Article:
I was listening to a podcast and the host, Nadia Bolz Weber, said, “I’m tempted to write an anti-self-help book called, ‘You Are Not Enough’. It’s okay…there is enough. But, oh my gosh, it doesn’t have to all be you. It doesn’t have to come from you – just to sort of let everyone relax”. I laughed out loud, namely because I love anything counterculture, but also because she’s right. We expend so much energy (and money) trying to not only do enough and be enough, but also to do and be everything. We want complete control over our lives and our destinies. Alan Watts said, “There is a contradiction in wanting to be perfectly secure in a universe whose very nature is momentariness and fluidity”. In that sense, we aren’t enough. We can’t change the cosmic grain, no matter how much we go against it.
Substance abuse treatment is a microcosm of this struggle. People with substance use disorder want nothing more than to control their alcohol and drug use, and the substance abuse treatment process is one of coming to terms with the fact that they can’t. After that initial phase of surrender, people in early drug or alcohol outpatient rehab often find themselves looking for other ways to feel in control. So, they get a flashy car, or a luxury apartment, or name brand clothes, or a new romantic partner and say, “Look at me, I’m doing great!” In society’s eyes, these standards of success compose a perfect picture of sobriety.
In our recent post, 5 Reasons Productivity is Hard Right Now (and How to Stay Sober Anyway), I wrapped up by saying, “it’s okay if you’re not the Picture of Sobriety.” When I was writing that phrase, I realized Picture of Sobriety forms the acronym “P.O.S”. This also made me laugh – despite the thought being in poor taste – because a picture of sobriety is not what we’re aiming for. Recovery isn’t about projecting a carefully controlled image, it’s about being okay in all of your messy, mistake-making, human glory. Unsurprisingly, we have once again circled around to the parallels between substance abuse treatment and living. Whether you’re in drug or alcohol outpatient rehab or not, the point of this whole life thing is to get comfortable with your vulnerable, imperfect humanity.
Maybe Nadia’s anti-self-help book shouldn’t be called, “You Are Not Enough,” but “Being Enough Is Not The Point”. Or “Not Being Enough is the New Enough.” But I digress. It’s her book. She should call it what she wants.
A Picture of Sobriety is Worth 1,000 Words (of Warning)
Many family members get their hopes up after their loved ones discharge from substance abuse treatment and exhibit outward signs of wellbeing. Perhaps their loved one is thriving at work, eating well, and going to the gym. Justin Etling, co-founder of our addiction treatment in New Hampshire, emphasizes the importance of focusing on an internal rather than an external barometer of recovery.
In an earlier post, Justin noted, “A barometer for addiction recovery is action steps taken for recovery. That’s an issue people wrestle with a lot; they start doing things they think make their life better and equate it to recovery. This is an issue for families, too. They see their loved one and think, ‘oh, they look great now’. But, at the end of the day, if someone wakes up in the morning, goes to work, comes home, eats dinner, watches television, and goes to bed, what did he do for his recovery? The answer is ‘nothing’. Now, a normal person might look at this scenario and say, ‘they’re doing great!’ They might look great on the outside, but on the inside – mentally – they are deteriorating. In my opinion, without some type of addiction recovery task in your life, the disease of addiction is slowly but surely chipping away at you”.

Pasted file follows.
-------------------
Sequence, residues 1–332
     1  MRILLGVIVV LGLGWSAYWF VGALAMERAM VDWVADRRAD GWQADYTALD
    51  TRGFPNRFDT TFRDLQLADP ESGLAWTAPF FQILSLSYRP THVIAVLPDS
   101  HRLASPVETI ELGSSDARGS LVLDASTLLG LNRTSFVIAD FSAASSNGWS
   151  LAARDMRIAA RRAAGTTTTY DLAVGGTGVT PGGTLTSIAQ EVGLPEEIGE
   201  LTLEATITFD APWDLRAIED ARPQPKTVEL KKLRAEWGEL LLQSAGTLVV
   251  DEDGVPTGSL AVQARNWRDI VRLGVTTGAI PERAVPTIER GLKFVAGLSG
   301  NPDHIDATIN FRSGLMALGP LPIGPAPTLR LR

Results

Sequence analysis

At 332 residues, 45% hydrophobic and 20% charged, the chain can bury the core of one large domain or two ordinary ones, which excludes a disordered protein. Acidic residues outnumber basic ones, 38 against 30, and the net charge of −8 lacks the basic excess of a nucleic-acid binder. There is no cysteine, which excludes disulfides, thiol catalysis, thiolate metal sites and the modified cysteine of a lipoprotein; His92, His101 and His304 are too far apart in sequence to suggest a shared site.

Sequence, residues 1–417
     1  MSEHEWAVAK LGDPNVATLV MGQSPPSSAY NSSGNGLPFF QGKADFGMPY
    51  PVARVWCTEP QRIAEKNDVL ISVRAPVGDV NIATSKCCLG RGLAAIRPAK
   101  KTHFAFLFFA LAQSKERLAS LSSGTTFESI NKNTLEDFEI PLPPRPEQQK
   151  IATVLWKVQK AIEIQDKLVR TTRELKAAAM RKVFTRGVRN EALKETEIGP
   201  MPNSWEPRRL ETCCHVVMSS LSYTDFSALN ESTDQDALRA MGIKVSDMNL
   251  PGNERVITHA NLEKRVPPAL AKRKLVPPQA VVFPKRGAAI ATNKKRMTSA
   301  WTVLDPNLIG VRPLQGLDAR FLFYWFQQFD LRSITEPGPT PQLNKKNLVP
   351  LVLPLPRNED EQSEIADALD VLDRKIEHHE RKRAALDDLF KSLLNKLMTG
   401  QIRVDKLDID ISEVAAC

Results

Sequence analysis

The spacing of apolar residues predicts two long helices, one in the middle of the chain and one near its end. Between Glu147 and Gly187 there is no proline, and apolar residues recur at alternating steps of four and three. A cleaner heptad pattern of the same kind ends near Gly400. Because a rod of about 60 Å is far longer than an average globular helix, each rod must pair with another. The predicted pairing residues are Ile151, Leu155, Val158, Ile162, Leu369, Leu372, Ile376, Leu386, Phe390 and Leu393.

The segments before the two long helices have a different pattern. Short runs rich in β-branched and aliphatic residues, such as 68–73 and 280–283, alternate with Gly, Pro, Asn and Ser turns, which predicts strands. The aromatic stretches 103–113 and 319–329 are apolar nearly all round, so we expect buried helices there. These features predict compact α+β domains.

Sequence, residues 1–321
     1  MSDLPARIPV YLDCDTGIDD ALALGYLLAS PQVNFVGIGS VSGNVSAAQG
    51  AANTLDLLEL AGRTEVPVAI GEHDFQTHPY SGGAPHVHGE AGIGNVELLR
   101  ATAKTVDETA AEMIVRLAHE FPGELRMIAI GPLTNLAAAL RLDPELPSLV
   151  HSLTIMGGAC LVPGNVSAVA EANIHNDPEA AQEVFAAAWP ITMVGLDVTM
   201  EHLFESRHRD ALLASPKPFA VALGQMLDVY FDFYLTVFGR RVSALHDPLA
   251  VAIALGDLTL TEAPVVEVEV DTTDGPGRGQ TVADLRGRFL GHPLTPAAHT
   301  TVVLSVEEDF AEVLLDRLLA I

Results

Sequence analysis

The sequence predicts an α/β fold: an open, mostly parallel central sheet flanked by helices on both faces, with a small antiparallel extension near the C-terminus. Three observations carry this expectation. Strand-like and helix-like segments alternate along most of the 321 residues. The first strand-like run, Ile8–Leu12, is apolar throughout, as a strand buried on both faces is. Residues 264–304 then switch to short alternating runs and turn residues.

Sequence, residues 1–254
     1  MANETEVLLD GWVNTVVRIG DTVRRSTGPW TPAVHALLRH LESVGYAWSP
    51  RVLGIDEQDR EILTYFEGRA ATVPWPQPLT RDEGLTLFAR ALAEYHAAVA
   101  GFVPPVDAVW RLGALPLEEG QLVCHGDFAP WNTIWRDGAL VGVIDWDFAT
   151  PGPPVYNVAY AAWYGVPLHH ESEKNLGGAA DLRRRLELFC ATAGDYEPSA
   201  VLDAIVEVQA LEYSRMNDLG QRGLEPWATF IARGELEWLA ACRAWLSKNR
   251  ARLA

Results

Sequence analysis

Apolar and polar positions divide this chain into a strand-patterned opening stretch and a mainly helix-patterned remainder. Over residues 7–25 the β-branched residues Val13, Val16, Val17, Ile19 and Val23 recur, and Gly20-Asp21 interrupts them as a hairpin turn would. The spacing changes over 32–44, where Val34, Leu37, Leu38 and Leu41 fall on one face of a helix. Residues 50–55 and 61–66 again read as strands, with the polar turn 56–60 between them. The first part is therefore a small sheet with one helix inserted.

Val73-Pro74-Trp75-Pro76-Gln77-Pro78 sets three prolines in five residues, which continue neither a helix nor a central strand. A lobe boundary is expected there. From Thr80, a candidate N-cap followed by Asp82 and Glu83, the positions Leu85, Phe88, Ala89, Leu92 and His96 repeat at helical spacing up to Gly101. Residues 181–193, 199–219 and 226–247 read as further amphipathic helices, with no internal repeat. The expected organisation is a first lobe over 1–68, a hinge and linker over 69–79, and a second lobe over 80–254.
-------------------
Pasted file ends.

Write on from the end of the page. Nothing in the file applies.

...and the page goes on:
What are recovery action steps? And how do they relate to the inside rather than the outside? A recovery action step is anything that helps you change your thinking. Drug and alcohol misuse are symptoms of substance use disorder. Addiction isn’t really about the substances – it’s about the dis-ordered thinking that drives you to misuse. Steps to rewire your thinking include (but are certainly not limited to) attending recovery meetings, talking to a mentor or sponsor, writing inventory, or seeing a therapist.
Seeking Progress Not Perfection
While we encourage self-growth processes, there is a danger that must be confronted, and that is getting caught up in the pursuit of “fixing” yourself rather than finding yourself. You have a substance use disorder… but you are a human being. The disorder is for rewiring. The human is for rediscovering.
When I think about the people in my life who embody recovery, I don’t think about those who have “fixed” away all their problems. A genuine picture of sobriety, in my eyes, is someone who is living “life on life’s terms.” And life, as we’ve established, is transient and messy. So, recovery (and, therefore, authentic living), is being comfortable in your own imperfect skin. It’s learning to roll with it when things don’t go according to plan. It’s the ability to be vulnerable with others. It’s making mistakes and owning them. It’s laughing at yourself when you trip up the stairs. It’s knowing who you are and what you want, and earnestly exclaiming “no!” (or “yes!”) without owning the other person’s response
It’s acknowledging that no, you’re not good enough to be perfect, and that to expect perfection would be to deny your humanity.
Autumn Khavari is the Process Recovery Center’s in-house writer. She received an education in Substance Use Counseling from Beal College in Bangor, Maine.
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